stock production to be made under the new 
regime. Mark Klaw is still in the north 
watching the performances of "Here Comes 
the Bride." 

L. E. Behymer baa gone north to arrange 
several concert engagements for Trinity Audi- 

The "Cinderella Man" is in its third big 
week at the Morosco, with indications of a 
fourth week. 

S. Morton Cohn, lessee of the Burbank, will 
go to New York next month. He is now In 

Ed. O'Neill, of Seattle, Is now manager of 
Clune's Broadway. 



DAVIDSON (Sherman Brown, mgr.).— "Pot- 
ash and Perlmutter in Society" to big sea- 
son's opening. 9, "Very Good Eddie." 

MAJESTIC (Clarence Bennett, mgr. ; agent. 
Orph.).— Jos. B. Howard and "A Musical 
World Revue," George Kelly and Co., Golet. 
Harris and Morey, Jim and Marion Harkins. 
"Terplschorean Evolutions," Ed Morton, 
Dyer and Coyne. Excellent. 

PALACE (Harry E. Billings, mgr.; agent. 
W. V. M. A.).— Old Soldier Fiddlers. "The 
Fashion Shop," Bert Howard, "A Seashore 
Flirtation," Frances and Wilson, Mabel Fonda, 
Trio; last half— Tameo Kajlyama, "Maids of 
Killarney," Anderson and Golncs, Viola Lewis 
and Co., Sparks All and Co., Walsh & Bent- 

MILLER (Jack Yeo, mgr.; agent. Loew). — 
"Luminous Butterflies." Old Homestead 
Octette, Dixie Harris and Variety Four, Jed 
and Ethel Dooley, Charles Gibbs, James Teddy, 
Xylophone Futurists, Leever and LeRoy. Fine. 

SHUDERT (B. Niggemeyer, mgr.; agent. In- 
ternational).— 'Her rnborn Child" in second 
week to gratifying business. 0, "Little Miss 

(TAYETY (Charles J. Fox. mgr.; agent. 
American). — I^dy Buccaneers and Mermaida 
and Diving Ilcautles. Good. 8, Bfff, Bang 
Ding Co. 

Probably no other event of the kind can sur- 
pass the Wisconsin State Fair, which opens at 
Milwaukee Sept. 10 for days, for such a 
varl^ of free attractions. The list includes 
Louis Gertaon, aviator; Fearless Greggs, 
simultnneoua automobile looping; Gruber's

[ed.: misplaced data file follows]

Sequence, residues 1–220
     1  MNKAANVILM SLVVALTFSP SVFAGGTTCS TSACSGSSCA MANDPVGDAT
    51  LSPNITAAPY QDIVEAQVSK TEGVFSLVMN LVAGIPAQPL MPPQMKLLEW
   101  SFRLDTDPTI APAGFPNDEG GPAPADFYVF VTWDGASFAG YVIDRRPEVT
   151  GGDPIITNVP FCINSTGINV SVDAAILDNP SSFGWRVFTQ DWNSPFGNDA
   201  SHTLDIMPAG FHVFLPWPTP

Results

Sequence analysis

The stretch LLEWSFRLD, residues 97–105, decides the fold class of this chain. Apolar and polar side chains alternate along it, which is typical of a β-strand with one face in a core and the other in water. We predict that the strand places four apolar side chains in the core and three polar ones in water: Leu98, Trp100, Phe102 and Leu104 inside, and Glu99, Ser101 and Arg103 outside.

A?:injnl«», r"'>npni.'pd ; Knri E>)p**n Troupe. 
tuiiitWiiirt; Al (;oltiu Troup»«, i'crfilan" acro- 
batics; Five Frerea Do Kock, Belgium acro- 
bats; Six rornallaa, cycling: Rosa Rosalind, 
esqueatrlcnne ; De Carno. l<>0-foot waving 
polf ; Thalrro'a CIrcua. horaea, monks and 
do^H ; Stirling nnd Marguerite, acrlallsts ; 
Thne Lea Angelcqura. equilibrists; Hassltt 
nnd Halloy. strong woman and acrobat; Maj. 
Fred nennett, high atilt dancer; Brothers 
Martlne. comedy acrobats ; Takito Japs, a(*ro- 
hats ; Six Flying Lamys, comedy ground acro- 

batics, trampoline and trapeie casting; L^Roy 
and Paul, comedy horiiontal bar ; Rose and 
Plmlkoff Ballet, dancing; Kalinowskl Broth- 
ers, acrobatics and head balancing; M. L. 
Tinney, balloon flights and parachute drop ; 
Gordon's War Spectacle, night fireworks. 
Fifteen bands and three orchestras will sup- 
plement the foregoing. Thomas Saxe. of the 
Saxe Amusement. Bnterprisks, is a member 
of the advisory board in charge of all amuse- 
ment features. There will be no "pike" of 
questionable concessions. 

Following the close of a two-day run of the 
Plckford "Little American" picture, a re- 
engagement, the Saxe Amusement Enterprises 
will spend $20,000 In remodeling, redecorating 
and refurnishing the Alhambra. with work 
going on day and night in order to reopen 
Sept. 8. * 



HIS MAJEISTY'S (Edwards A Drlscoll. 
mgrs.V* — Albert Brown In his nerr play. "The 
Love of a King." Next week, "Canary Cot- 

ORPHEUM (Fred Crow, mgr. ; agent, U. B. 
O.). — Els and French, Wm. Oakland and Co., 
Mullin and Coogan. Asakl Joyce, West and 
Senn. Wallace Oalvln. Sid. Lewis. Togan and 
Geneva opened to packed house. 

FRANCA IS (Phil Godel. mgr.).— Little Lord 
Roberts. Gilmour and Castle, Juggling Dellsle. 
Edmonds and Leeham Rice, Elmer and Tom 
Hayden and Cardounie, Hill and Ackerman. 

GAYETY T. E. Conway, mgr. ) .—"Liberty 
Girls." Next. "Follies of the Day." 

IMPERIAL (H. W. Conovcr, mgr.).— Doug- 
las Fairbanks in "Down to Earth ' (film). 

Tho Holman theatre is under new manage- 
ment. Henry E. Jodoln, late of General Film 
Co., is in charge. 

The St. Denis theatre will reopen Sept. 8. 
N. L. Nathanson is managing director of the 
new company. Roland Roberta of New York 
will bo manager. Goldwyn pictures will be 

The local season opened with a rush, afl 
theatres doing big business. 


PALACE (Walter Kattman. m^r.).— Martin 
Beck's own theatre, the Palace, got under way 
Sunday afternoon with a program consisting